Average Low P/S Ratio:

Johnson and Johnson's average low PS ratio for the past 5 years is 2.43 and for the past 10 years is 2.82.  This corresponds to a price per share of $61.90 and $71.83 respectively based off the analyst estimate for revenue growth from FY 2012 to FY 2013.  Currently, their current PS ratio is 3.44 on a trailing twelve months basis.  Excluding 2008 and 2009 the average low P/S ratio since 2001 is 2.95.  I'll use the 5 year average in my calculations just to be conservative.  JNJ is currently trading at a 32.6% premium to this price.

Dividend Discount Model:

For the DDM, I assumed that JNJ will be able to grow dividends for the next 5 years at the minimum of 15% or the lowest of the 1, 3, 5 or 10 year growth rates. In this case that would be 6.67%.  After that I assumed they can continue to raise dividends for 3 years at 75% of 6.67% or 5.00% and in perpetuity at 3.50%.  The dividend growth rates are based off fiscal year payouts and don't necessarily correspond to quarter over quarter increases.  To calculate the value I used a discount rate of 10%.  Based on the DDM, JNJ is worth $43.59 meaning it's overvalued by 88.3%.

PE Ratios:

Johnson and Johnson's trailing PE is 21.26 and it's forward PE is 14.25.  The PE3 based on the average earnings for the last 3 years is 20.30.  I like to see the PE3 be less than 15 which JNJ is currently well over.  Compared to it's industry, JNJ seems to be overvalued versus COV (17.23) and NVS (18.38) but fairly valued against the industry overall (21.46).  All industry comparisons are on a TTM EPS basis.  JNJ's PEG for the next 5 years is currently at 2.28 while COV is at 1.69 and NVS is at 2.74.  The industry as a whole carries a 2.74 PEG.  Based on the PEG ratio you're paying about par with the industry for the growth of JNJ.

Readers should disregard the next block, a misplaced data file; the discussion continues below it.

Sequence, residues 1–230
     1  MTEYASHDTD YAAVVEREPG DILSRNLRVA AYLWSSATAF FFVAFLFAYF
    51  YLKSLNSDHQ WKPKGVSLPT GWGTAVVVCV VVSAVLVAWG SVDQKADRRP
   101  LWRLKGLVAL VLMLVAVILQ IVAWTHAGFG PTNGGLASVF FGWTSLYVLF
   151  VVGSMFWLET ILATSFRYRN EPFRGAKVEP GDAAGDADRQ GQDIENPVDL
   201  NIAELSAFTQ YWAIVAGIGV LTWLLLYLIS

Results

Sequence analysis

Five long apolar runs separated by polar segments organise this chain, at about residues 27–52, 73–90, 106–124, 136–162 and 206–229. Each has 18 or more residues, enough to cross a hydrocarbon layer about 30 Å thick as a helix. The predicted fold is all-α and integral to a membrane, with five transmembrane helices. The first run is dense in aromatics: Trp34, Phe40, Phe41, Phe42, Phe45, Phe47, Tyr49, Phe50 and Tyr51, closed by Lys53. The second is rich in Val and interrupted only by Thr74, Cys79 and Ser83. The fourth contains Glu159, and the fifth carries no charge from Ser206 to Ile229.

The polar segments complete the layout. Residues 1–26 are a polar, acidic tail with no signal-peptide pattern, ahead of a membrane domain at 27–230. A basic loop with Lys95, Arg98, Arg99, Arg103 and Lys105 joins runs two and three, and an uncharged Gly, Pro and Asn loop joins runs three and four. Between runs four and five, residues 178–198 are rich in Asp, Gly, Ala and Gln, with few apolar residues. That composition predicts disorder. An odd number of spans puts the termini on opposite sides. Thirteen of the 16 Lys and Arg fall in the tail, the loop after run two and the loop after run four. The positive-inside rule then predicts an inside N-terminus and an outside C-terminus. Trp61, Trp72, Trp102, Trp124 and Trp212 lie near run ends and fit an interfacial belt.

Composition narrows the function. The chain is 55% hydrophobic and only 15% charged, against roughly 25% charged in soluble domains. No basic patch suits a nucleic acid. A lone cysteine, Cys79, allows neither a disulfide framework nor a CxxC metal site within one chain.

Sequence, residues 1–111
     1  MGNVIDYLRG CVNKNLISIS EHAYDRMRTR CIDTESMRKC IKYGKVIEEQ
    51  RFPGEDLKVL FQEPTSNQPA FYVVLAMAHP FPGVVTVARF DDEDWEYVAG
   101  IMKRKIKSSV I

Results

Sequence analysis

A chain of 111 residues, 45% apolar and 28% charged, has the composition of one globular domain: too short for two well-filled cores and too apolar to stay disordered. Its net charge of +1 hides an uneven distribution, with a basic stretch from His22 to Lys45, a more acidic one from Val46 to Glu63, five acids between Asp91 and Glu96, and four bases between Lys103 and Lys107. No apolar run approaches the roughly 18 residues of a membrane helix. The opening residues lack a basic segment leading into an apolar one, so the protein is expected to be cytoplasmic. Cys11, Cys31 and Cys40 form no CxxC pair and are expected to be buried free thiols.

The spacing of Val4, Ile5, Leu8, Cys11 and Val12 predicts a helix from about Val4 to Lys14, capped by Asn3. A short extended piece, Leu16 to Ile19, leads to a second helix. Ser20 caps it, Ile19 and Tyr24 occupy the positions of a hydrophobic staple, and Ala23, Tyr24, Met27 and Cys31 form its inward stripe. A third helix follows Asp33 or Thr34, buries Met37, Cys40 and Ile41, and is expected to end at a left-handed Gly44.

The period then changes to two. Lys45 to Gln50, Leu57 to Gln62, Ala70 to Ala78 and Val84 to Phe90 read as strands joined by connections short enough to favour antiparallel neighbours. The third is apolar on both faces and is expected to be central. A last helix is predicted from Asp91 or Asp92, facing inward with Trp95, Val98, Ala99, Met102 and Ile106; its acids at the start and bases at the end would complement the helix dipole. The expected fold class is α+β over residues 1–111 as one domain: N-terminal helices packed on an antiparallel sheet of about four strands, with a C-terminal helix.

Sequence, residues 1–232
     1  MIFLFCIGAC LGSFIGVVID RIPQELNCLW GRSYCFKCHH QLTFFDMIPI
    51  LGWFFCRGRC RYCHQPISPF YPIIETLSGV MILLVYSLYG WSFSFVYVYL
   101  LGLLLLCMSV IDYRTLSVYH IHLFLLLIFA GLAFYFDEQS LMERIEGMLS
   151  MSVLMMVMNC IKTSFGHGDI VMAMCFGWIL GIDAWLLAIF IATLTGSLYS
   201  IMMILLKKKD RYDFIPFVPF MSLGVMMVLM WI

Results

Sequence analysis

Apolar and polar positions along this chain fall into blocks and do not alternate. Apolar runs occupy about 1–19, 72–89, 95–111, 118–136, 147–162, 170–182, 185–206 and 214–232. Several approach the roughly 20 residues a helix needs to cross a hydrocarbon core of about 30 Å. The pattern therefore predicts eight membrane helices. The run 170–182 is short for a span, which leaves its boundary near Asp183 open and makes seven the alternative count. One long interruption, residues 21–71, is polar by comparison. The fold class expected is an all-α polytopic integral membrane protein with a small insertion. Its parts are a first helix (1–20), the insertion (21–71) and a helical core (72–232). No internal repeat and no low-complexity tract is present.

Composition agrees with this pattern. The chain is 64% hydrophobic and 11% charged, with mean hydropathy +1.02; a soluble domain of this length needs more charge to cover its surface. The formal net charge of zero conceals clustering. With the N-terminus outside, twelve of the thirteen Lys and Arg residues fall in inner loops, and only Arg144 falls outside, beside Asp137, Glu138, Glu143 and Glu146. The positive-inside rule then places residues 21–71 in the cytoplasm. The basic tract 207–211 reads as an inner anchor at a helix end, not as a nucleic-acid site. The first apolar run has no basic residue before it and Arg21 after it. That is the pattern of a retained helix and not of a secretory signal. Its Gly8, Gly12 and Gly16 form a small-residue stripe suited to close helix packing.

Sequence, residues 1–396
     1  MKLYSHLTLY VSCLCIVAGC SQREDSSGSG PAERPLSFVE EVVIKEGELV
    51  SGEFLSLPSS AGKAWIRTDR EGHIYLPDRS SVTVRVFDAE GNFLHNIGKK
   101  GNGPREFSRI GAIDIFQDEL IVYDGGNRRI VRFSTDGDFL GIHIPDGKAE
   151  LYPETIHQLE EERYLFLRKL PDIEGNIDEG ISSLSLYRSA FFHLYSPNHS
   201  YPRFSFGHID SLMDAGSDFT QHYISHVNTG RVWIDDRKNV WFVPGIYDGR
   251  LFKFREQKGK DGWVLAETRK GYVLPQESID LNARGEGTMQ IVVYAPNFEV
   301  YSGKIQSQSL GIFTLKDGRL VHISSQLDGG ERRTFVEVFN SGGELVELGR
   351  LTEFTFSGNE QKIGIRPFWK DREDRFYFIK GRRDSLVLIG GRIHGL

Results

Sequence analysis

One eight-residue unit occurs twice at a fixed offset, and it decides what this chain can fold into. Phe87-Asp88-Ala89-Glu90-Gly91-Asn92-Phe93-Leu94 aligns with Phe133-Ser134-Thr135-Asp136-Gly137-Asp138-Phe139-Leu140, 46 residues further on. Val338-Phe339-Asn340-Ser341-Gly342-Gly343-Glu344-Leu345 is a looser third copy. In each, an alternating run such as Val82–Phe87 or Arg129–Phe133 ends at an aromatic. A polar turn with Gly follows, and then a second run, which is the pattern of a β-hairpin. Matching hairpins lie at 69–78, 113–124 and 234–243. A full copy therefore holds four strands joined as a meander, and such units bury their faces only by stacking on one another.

Johnson and Johnson's gross margins for FY 2011 and FY 2012 were 73.5% and 73.2% respectively. They have averaged a 75.2% gross profit margin since 2001 with a low of 73.2% in FY 2012. Their net income margin for the same years were 14.9% and 15.6%.  Since 2001 their net income margin has averaged 18.5% with a low of 14.9% in FY 2011.  I typically like to see gross margins greater than 60% and at least higher than 40% with net income margins being 10% and at least 7%.  JNJ is killing it on both fronts.  Since each industry is different and allows for different margins, we'll see where they stand against the industry.  For FY 2012, Johnson and Johnson captured 94.2% of the gross margin for the industry and 84.8% of the net income margin.  I'd like to see these numbers come back up to at least par with the industry.

Share Buyback:

JNJ's shares outstanding have been in an overall downtrend with an average decrease of 0.82% since FY 2002, save a few years of increasing shares.  Over that time they've bought back 7.9% of their shares outstanding.  By repurchasing shares, JNJ is able to increase EPS and management can return cash to shareholders this way by increasing the ownership stake of the company for all the outstanding shares.  I would have liked to see management upping the buyback program during the "Great Recession", but it was actually lower in FY 2009-2011 than in FY 2006-FY 2008.  The biggest issue I have with buybacks is when they aren't done on a strategic basis due to undervaluation.  If they pay more than fair value for the shares, then they are destroying shareholder value because that money could have been spent in more productive ways.  If the program was maintained or increased during and after the "Great Recession" they could have created a lot more value.